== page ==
Malaga is the southernmost city in Spain and boasts a beautiful climate, delicious food, and friendly citizens. The temperate weather means sandals and summer clothing can be worn most of the year, although as coastal cities can become chilly at night time, a scarf and light jacket are advisable.
The best time of year to visit is in August, so you can experience Feria. This week-long event is basically a giant, city-wide street party. The days are long and hot, schools are closed for summer, and a lot of businesses close up for the week too, as Malaga hosts parties, flamenco shows, and activities that last all day and well into the night. Restaurants are always packed, and the atmosphere is absolutely buzzing as everyone is in high spirits.
Malaga has been ruled by both Europeans and Moors (Muslims from North Africa), so there is a wonderfully eclectic mix of cultures that is plain to see in the artwork and architecture of the city. A notable example of this is the Alcazaba, a palatial Moorish fortress that dates back to the 11th century.
There is also a Roman amphitheatre and a traditional cathedral, ensuring the city is steeped in culture and religion from a variety of backgrounds.
As the city was home to the great artist Pablo Picasso, visiting his museum, which houses more than 230 of his works, is a must.
Malagueta is the city beach, and although it is just a stone's throw from the bustling city centre, it offers a tranquil getaway of golden sand and warm, shallow waters.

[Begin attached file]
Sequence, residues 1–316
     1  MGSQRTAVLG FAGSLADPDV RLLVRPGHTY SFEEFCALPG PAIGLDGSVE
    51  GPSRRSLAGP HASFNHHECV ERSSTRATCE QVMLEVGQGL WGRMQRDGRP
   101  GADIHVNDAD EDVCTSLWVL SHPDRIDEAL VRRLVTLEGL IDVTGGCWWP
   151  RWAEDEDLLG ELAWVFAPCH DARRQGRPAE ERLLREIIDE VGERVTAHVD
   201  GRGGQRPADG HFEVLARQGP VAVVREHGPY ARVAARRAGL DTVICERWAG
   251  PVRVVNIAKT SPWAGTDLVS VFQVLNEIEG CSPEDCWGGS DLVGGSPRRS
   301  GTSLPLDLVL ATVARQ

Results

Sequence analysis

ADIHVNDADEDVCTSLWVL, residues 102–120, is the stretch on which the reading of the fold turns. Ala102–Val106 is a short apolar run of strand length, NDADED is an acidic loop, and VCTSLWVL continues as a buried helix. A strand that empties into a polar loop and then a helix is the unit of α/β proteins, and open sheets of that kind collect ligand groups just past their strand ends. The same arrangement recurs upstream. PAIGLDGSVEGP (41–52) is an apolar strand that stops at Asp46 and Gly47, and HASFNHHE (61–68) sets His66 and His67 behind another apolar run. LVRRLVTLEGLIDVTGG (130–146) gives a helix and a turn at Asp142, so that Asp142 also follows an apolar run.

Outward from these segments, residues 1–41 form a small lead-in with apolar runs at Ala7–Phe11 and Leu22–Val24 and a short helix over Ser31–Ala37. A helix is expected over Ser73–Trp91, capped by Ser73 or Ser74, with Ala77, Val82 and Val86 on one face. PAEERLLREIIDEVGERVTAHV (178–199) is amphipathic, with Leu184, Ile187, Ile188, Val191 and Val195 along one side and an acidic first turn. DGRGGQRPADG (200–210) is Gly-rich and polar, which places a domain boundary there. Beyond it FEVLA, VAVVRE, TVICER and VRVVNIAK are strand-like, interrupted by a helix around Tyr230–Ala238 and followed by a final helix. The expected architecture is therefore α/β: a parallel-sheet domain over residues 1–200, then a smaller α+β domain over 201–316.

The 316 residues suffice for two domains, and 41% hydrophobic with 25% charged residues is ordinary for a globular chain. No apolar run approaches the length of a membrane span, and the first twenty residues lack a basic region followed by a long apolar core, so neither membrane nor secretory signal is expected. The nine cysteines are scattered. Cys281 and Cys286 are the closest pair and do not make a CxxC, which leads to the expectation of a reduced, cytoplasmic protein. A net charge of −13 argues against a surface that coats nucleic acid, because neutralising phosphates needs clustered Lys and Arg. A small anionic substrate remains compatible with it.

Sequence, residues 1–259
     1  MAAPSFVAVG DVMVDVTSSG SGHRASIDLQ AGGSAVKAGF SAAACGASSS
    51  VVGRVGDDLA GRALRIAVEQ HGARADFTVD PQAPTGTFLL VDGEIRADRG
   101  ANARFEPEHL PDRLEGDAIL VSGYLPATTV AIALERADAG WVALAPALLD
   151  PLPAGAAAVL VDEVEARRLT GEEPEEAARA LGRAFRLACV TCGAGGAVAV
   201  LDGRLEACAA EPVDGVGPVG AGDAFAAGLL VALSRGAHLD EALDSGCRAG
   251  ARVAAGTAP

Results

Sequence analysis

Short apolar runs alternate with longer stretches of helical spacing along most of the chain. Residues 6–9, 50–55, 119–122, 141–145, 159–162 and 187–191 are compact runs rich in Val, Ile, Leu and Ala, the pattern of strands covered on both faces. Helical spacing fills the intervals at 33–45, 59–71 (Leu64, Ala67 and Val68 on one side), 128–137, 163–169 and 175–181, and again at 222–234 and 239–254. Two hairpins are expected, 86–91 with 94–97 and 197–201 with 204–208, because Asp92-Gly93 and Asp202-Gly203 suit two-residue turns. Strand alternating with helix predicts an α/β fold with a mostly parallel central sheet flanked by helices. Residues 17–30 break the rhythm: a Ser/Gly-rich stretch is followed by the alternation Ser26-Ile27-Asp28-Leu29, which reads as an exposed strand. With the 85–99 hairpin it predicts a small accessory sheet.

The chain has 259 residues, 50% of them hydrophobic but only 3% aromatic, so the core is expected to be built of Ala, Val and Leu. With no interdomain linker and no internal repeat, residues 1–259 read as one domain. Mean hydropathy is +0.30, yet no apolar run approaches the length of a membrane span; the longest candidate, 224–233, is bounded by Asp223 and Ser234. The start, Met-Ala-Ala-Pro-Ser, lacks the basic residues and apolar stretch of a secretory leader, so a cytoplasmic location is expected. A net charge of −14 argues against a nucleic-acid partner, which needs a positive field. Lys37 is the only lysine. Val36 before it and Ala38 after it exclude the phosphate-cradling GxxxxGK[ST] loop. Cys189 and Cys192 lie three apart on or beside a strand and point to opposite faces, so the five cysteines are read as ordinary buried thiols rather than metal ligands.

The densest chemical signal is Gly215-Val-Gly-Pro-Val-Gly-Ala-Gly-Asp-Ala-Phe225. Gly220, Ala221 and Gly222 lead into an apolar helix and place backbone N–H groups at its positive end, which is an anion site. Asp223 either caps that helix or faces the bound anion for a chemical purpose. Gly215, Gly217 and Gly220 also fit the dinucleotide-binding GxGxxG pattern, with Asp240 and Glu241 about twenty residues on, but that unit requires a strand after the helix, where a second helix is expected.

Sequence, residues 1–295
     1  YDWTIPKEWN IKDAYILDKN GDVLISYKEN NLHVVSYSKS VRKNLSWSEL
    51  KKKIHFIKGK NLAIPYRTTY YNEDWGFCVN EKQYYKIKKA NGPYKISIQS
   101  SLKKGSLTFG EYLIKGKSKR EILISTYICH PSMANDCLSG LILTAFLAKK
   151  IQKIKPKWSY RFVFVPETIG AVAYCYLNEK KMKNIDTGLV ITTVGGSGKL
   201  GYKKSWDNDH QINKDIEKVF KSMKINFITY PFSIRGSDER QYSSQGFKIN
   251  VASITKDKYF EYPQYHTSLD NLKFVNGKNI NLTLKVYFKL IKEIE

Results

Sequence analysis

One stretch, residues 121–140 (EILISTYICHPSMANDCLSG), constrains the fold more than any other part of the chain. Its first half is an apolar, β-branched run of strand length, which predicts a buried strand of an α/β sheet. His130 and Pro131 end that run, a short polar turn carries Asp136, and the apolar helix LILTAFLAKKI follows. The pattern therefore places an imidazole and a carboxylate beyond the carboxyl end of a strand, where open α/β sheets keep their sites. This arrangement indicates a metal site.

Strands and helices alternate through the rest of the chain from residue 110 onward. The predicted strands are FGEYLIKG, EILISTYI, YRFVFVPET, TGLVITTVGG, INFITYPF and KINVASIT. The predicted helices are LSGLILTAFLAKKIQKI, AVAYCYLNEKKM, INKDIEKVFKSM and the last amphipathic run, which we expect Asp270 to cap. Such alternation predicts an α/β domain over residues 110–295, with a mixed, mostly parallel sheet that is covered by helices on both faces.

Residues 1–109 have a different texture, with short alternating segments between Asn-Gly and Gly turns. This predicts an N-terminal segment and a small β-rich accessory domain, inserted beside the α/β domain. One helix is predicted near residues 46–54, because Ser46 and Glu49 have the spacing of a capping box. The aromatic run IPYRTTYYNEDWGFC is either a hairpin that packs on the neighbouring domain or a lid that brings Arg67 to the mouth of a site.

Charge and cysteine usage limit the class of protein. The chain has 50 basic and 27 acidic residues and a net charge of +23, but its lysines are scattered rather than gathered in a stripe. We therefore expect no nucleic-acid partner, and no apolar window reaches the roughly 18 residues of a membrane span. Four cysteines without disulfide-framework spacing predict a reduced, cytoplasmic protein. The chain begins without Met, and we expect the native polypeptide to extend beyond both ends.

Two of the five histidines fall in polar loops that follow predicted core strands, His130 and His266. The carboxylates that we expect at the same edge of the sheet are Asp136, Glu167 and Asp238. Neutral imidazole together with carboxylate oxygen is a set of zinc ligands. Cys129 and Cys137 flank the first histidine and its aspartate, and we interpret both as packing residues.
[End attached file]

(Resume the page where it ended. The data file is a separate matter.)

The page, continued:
Bull fighting still takes place in Malaga, but this gory sport has been met with a lot of criticism from animal rights activists and definitely isn't for the faint-hearted.
If you do plan on being a spectator, head to the Plaza De Toros in the centre of Malaga. Seats in the sun are a lot cheaper than those in the shade; if you're on a budget make sure to bring lots of water and a hat, as there are several fights and the whole experience last for a few hours.
While a lot of local traditions are being phased out, such as the mid-afternoon siesta (why more people aren't in favour of an afternoon nap remains a global mystery), flamenco is having a revival, and there are venues throughout the city offering intimate shows most nights of the week.
Malaga is a prime example of why tapas doesn't need to be (and shouldn't be) expensive to be delicious. Tasty chorizo, jamon, croquetas and paella are available in bite-sized portions all over the city for a few euros (HK$10-HK$20) each, or sometimes served free when you order a drink.
Mouth-watering food can be found at every turn, from casual eateries to high-end restaurants, but be sure to try boquerones (white anchovies), a speciality of the region, typically served deep fried or en vinagre (in vinegar) and eaten in one bite.
Most places offer a menu del dia (meal of the day), which is similar to a Hong Kong lunch set, and a great way to try the local cuisine for a very reasonable price.
Top selfie spot
The Mirador de Malaga Gibralfaro is a viewpoint offering panoramic views of the city, including the port and the Plaza De Toros. The viewpoint is a five-minute walk from the city centre and is well sign-posted for visitors. For the most incredible photo background, try to head up in time to watch the sun set over the Mediterranean Sea.